Constraint Satisfaction Problems (CSPs) appear in many real-life applications such as scheduling, resource allocation, timetabling, vehicle routing, frequency allocation, etc. Most CSPs can be naturally and efficiently modelled using non-binary (or n-ary) constraints that may involve an arbitrary number of variables. It is well known that any non-binary CSP can be converted into an equivalent binary one. The most well-known translations are the dual encoding [Dechter PearlDechter Pearl1989] and the hidden variable encoding [Rossi, Petrie, DharRossi et al.1990]. The ability to translate any non-binary CSP into binary has been often used in the past as a justification for restricting attention to binary CSPs. Implicitly, the assumption had been that when faced with a non-binary CSP we can simply convert it into a binary one, and then apply well-known generic techniques for solving the binary equivalent. In this paper we will show that this assumption is flawed because generic techniques for binary CSPs are not suitable for binary encodings of non-binary problems.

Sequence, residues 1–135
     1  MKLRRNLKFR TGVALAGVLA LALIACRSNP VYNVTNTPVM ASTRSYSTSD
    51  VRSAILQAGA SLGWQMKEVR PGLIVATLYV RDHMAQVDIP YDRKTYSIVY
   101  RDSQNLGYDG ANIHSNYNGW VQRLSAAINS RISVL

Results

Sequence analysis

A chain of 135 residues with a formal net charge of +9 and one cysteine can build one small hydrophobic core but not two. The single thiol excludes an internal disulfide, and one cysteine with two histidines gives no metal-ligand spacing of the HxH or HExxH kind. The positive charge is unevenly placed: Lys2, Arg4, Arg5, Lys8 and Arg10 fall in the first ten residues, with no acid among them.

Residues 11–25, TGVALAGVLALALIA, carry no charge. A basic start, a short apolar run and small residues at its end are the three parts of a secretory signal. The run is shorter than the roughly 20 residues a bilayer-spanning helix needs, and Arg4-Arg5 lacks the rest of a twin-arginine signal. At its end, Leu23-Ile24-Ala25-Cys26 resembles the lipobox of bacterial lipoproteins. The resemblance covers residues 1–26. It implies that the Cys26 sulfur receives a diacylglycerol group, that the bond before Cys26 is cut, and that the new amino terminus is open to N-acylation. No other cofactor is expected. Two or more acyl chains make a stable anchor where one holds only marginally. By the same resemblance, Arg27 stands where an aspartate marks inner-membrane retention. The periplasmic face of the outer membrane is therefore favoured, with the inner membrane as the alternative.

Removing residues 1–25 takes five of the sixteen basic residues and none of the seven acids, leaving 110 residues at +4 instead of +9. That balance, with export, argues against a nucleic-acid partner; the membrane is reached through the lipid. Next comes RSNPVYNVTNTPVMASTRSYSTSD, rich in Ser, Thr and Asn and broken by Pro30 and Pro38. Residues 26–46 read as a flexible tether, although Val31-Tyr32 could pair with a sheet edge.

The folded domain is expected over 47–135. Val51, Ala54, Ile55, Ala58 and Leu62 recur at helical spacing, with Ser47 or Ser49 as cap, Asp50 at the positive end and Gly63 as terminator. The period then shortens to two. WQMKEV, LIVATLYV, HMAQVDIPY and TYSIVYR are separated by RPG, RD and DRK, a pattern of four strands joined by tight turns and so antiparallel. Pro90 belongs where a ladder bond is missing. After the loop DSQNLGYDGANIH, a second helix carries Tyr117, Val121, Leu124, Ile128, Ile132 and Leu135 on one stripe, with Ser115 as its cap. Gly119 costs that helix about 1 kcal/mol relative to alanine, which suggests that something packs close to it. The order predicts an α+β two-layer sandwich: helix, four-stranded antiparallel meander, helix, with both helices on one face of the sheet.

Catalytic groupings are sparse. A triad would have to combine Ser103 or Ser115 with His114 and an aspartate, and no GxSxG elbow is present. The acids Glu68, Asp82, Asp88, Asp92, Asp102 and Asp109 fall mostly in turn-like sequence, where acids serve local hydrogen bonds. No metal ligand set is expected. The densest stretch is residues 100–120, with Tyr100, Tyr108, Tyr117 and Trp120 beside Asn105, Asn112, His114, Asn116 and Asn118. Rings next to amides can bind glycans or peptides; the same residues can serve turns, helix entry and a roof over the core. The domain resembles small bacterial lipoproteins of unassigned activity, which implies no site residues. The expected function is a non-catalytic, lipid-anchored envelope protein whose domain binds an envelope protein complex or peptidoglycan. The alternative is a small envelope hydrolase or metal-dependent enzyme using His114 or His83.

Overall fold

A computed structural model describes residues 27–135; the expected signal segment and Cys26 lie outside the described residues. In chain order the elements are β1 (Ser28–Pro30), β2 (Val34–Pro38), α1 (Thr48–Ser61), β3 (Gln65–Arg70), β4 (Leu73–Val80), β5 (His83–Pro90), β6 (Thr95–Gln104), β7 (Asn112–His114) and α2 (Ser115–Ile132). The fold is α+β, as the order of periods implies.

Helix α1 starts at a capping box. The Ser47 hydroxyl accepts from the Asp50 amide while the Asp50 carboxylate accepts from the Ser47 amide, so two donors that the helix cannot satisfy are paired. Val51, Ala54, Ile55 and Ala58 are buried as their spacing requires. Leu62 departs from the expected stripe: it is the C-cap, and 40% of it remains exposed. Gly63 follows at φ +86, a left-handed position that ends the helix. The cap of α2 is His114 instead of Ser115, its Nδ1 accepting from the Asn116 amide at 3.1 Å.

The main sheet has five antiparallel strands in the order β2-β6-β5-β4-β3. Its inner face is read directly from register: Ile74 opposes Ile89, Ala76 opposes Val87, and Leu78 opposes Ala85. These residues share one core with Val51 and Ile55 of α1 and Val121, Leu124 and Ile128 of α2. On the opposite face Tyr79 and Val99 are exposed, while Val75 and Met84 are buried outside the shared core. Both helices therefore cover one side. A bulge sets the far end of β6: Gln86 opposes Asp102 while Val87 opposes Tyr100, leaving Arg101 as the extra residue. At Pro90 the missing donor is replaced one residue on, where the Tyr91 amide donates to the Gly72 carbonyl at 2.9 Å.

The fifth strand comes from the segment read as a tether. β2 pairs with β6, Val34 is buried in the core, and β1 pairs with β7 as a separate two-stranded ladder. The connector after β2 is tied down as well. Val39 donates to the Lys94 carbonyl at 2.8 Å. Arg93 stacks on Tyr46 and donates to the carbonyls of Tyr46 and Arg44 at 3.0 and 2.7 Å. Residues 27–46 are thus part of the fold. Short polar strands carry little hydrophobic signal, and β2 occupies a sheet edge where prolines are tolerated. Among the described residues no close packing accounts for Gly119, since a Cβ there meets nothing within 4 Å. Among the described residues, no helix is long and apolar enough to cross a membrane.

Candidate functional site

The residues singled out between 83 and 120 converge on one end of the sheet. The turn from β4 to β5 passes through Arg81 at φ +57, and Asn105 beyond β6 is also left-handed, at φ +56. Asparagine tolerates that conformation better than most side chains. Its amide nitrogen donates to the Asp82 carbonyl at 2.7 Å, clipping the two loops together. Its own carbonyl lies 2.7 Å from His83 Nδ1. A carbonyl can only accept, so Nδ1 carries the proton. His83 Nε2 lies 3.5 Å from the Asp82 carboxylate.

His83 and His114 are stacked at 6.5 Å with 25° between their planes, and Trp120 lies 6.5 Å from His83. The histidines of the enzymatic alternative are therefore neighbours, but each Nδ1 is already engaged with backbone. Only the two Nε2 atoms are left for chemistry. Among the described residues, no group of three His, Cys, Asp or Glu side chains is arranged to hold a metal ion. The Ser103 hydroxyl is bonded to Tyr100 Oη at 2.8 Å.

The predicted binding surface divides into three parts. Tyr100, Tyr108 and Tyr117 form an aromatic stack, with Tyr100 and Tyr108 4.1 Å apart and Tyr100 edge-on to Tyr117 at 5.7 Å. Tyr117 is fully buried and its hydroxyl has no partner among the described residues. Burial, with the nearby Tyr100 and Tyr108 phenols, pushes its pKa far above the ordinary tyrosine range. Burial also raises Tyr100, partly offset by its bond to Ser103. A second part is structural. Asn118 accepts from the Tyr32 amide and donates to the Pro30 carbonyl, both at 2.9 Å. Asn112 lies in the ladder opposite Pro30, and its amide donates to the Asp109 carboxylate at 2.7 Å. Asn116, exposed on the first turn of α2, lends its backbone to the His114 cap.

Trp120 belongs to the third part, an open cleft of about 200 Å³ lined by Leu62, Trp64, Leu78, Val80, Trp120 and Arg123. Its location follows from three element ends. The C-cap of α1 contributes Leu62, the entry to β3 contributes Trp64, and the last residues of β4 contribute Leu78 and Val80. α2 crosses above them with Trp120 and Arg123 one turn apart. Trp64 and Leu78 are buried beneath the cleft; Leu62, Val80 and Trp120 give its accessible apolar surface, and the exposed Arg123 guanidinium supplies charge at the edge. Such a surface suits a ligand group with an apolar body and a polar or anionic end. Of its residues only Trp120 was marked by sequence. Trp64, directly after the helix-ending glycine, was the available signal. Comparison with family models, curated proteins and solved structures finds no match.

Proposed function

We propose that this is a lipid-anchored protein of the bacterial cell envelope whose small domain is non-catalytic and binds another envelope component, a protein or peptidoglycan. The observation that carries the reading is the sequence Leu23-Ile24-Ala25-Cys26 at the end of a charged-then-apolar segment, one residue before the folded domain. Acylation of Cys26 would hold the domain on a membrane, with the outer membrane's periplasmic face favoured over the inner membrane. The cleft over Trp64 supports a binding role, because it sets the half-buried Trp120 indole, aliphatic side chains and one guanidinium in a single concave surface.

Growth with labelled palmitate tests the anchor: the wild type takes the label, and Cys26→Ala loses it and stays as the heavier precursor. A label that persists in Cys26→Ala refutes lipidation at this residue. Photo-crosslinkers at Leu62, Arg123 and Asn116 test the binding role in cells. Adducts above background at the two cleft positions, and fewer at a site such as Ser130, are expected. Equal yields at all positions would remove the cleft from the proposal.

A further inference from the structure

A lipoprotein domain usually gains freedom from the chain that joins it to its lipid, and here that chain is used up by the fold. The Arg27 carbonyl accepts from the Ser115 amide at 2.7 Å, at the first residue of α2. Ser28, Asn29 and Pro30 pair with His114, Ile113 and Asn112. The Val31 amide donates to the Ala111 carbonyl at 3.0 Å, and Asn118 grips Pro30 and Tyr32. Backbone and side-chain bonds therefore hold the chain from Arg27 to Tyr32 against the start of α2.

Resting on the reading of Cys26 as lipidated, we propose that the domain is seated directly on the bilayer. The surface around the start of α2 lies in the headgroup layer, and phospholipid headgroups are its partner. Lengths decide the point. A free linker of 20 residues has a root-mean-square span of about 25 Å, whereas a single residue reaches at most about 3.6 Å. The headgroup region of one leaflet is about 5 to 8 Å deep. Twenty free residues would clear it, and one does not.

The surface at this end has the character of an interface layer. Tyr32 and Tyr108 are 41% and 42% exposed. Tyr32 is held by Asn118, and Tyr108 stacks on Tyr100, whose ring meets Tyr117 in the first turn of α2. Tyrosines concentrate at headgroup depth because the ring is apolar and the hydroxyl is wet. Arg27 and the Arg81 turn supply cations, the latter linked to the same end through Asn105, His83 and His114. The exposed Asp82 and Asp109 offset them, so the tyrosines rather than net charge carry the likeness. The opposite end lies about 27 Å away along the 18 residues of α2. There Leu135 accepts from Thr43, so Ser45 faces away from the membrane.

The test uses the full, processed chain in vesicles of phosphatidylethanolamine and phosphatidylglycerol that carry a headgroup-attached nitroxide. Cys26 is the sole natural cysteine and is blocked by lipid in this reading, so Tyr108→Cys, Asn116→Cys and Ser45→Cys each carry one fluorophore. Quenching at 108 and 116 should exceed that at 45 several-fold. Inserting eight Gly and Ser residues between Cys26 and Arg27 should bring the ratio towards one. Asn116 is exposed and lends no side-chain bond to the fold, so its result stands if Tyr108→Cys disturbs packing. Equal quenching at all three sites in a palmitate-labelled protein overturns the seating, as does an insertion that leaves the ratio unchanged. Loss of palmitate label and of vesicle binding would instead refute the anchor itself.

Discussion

In the past few years, there have been theoretical and empirical studies on the efficiency of binary encodings and comparisons between binary encodings and the non-binary representation [Bacchus van BeekBacchus van Beek1998,Stergiou WalshStergiou Walsh1999,Mamoulis StergiouMamoulis Stergiou2001,SmithSmith2002,Bacchus, Chen, van Beek, WalshBacchus et al.2002]. Theoretical results have showed that converting non-binary CSPs into binary equivalents is a potentially efficient way to solve certain classes of non-binary problems. However, in the (limited) empirical studies there are very few cases where this appears to be true, with Conway's ``game of Life'' [SmithSmith2002] being the most notable exception. There are various reasons for this. In many cases, the extensive space requirements of the binary encodings make them infeasible. Also, in many non-binary problems we can utilize efficient specialized propagators for certain constraints, such as the algorithm developed by Régin Regin94 for the all-different constraint. Converting such constraints into binary is clearly impractical. Another reason, which has been overlooked, is that most (if not all) experimental studies use well-known generic local consistency and search algorithms in the encodings. In this way they fail to exploit the structure of the constraints in the encodings, ending up with inefficient algorithms. To make the binary encodings a realistic choice of modelling and solving non-binary CSPs, we need algorithms that can utilize their structural properties. Finally, it is important to point out that the use of a binary encoding does not necessarily mean that we have to convert all the non-binary constraints in a problem into binary, as it is commonly perceived. If we are selective in the constraints we encode, based on properties such as arity and tightness, then we can get efficient hybrid models.